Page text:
This paper describes the dynamics of evapotranspiration (ET) in South Africa using MOD16 ET satellite-derived data, and analyses the inter-dependency of variables used in the ET algorithm of Mu et al. (2011). Annual evapotranspiration is strongly dependent on rainfall and potential evapotranspiration (PET) in 4 climatically different regions of South Africa. Average ET in South Africa (2000–2012) was estimated to be 303 mm·a-1 or 481.4 x 109 m3·a1 (14% of PET and 67% of rainfall), mainly in the form of plant transpiration (T, 53%) and soil evaporation (Soil E, 39%). Evapotranspiration (ET) showed a slight tendency to decrease over the period 2000–2012 in all climatic regions, except in the south of the country (winter rainfall areas), although annual variations in ET resulted in the 13-year trends not being statistically significant. Evapotranspiration (ET) was spatially dependent on PET, T and vapour pressure deficit (VPD), in particular in winter rainfall and arid to semi-arid climatic regions. Assuming an average rainfall of 450 mm·a-1, and considering current best estimates of runoff (9% of rainfall), groundwater recharge (5%) and water withdrawal (2%), MOD16 ET estimates were about 15% short of the water balance closure in South Africa. The ET algorithm can be refined and tested for applications in restricted areas that are spatially heterogeneous and by accounting for soil water supply limiting conditions.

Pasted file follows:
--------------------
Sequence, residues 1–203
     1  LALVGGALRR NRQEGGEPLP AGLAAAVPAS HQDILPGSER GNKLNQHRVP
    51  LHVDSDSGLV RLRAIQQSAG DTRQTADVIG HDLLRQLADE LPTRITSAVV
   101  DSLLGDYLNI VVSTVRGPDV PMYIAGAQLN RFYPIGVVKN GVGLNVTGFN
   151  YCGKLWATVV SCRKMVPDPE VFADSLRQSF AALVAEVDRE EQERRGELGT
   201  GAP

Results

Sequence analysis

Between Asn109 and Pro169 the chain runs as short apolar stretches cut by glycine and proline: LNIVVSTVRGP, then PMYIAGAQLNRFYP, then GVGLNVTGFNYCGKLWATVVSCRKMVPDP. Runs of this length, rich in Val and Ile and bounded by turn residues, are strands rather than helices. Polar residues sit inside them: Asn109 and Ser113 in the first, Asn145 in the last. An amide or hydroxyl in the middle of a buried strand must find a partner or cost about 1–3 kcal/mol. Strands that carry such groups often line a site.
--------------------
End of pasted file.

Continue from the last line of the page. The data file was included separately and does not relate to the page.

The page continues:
© 2015 Water Research Commission
Jovanovic, N., Mu Q., Bugan R. D. H., and Zhao M. (2015). Dynamics of MODIS evapotranspiration in South Africa. Water SA: 41(1): 79-90, doi: 10.4314/wsa.v41i1.11